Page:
Reports, with Bird Lists, of our Meetings, Walks and Outings

Around the World in 80 Minutes
by Chris Collins

Date: Thursday 19 April 2018 at 19:30


Fifty-two people attended this meeting. Chris Collins made a welcome return to the group and gave a fascinating presentation titled Around the world in 80 minutes in which he took us, at breakneck speed, on a tour of many of the world’s remote places and islands to look at their unique bird life and other fauna and flora.

With notable exceptions there was a common and depressing theme to the story. Isolation of these remote islands has led to the evolution of unique species and the absence of mammal predators has produced many flightless birds with a significant number of species occurring in very high numbers. However, the arrival of man changed all that as the sailors killed vast numbers for food and also for their feathers and fur. The rats, mice and cats that came with the boats then bred on the islands and reduced most vulnerable species to near extinction.

The good news is that eradication of these predatory imports and restriction on hunting has seen a reversal of this decline where a species still has a few survivors. The New Zealand authorities have been especially successful at eradication and subsequent saving of endemic species.

The journey began in South Georgia (SG) with pictures of 150,000 breeding pairs of king penguins and an insight into their extraordinary 12 month breeding cycle. SG also has several endemics including the SG pintail duck (flightless) and the SG pipit the world’s most southerly breeding passerine. Beach master bull elephant seals fighting for breeding rights were also a fine sight!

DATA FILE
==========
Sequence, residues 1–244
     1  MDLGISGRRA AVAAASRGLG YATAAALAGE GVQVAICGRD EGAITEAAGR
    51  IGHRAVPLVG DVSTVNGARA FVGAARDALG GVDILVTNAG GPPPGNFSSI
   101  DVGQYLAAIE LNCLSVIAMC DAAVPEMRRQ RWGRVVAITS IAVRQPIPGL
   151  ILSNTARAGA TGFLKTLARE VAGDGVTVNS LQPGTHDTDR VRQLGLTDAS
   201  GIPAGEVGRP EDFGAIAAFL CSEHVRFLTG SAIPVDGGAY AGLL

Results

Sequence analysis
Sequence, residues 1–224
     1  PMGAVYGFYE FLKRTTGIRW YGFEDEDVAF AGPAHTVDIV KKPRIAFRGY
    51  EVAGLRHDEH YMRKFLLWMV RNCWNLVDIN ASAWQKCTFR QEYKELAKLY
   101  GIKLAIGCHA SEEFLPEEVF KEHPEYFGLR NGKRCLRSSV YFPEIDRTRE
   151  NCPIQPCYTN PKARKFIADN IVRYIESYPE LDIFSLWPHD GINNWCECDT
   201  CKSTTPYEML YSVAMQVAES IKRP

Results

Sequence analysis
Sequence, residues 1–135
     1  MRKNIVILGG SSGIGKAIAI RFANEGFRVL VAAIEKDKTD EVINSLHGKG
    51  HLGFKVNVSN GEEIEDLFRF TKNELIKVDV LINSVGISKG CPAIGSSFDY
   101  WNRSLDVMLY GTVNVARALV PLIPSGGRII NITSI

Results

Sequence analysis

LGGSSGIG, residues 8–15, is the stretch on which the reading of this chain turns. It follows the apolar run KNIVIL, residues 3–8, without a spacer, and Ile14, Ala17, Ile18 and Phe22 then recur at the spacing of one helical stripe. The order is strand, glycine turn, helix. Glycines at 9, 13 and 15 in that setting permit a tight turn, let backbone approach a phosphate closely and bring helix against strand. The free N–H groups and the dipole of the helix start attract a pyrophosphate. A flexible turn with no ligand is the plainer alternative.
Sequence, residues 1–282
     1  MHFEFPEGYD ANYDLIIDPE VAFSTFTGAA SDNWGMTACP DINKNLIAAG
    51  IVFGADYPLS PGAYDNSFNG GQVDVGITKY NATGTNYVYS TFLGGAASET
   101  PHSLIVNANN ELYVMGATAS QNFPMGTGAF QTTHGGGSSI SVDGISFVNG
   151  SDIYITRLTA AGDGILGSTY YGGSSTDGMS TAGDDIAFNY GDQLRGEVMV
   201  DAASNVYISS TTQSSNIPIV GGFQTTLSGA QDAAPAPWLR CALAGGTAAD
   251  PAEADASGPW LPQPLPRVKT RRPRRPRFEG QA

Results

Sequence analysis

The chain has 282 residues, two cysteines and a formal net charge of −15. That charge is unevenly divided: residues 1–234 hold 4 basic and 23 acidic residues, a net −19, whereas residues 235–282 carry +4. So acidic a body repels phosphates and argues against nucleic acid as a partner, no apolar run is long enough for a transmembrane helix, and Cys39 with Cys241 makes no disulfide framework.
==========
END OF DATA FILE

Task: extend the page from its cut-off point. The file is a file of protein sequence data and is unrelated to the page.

A brief stop in Madagascar where we saw black and brown lemurs before heading to Aldabra Island, a coral atoll in the Indian Ocean. This tropical island is home to 100,000 giant tortoises, some weighing 350 kg, as well as several endemic animals including the flightless Aldabra rail, Aldabra turtle dove, Aldabra sparrow and a high number of Aldabra flying fox bats.

The next stop was the Ross Sea and Antarctica where we saw two species of penguin that live on the Antarctica mainland, the Adélie penguin and the magnificent emperor penguin. The tallest of all the penguins, the emperor must take the title of the most extreme bird on the planet. The males incubate the eggs in temperatures as low as -40ᵒC and survive for six months without food before the female returns to feed the chick.

The wandering albatross, capable of flying 1,000 miles per day, spends its first 20 years after fledging in permanent flight and in 70 years may fly as many as four million miles.

Campbell Island has many endemics including the Campbell albatross, flightless teal, cormorant, snipe, pipit and redpoll.

New Caledonia island is an ancient remnant of Gondwanaland as it broke up from Australia about 60 million years ago. It has 18 endemic birds, many ravaged by rats, mice, cats and now by extensive deforestation. However conservation is gathering pace and some remote small islands have provided species to re-introduce, the strangest of which is the kagu, a flightless bird that has a taxonomic family all to itself; DNA shows it has no close relatives. Crow honey eaters, horned parrots also feature. The New Caledonia crow uses twigs to harvest ants and is said to be one of the most intelligent of all birds.

Onward to Papua New Guinea (PNG) where we saw four magnificent birds of paradise out of a possible 40, also two PNG specials the PNG frogmouth and the hooded pitohui, the only bird to have poisonous feathers.

Now to Pitcairn island, famous for the “Mutiny on the Bounty” incident to see Pitcairn warblers with their huge variation in plumage, then on to Tencararo coral atoll with its Tuamotu sandpiper, a wader which lives and nests in trees and the bristle-thighed curlew. So to north-west Peru to see the orange-throated tanager which was first found in 1960.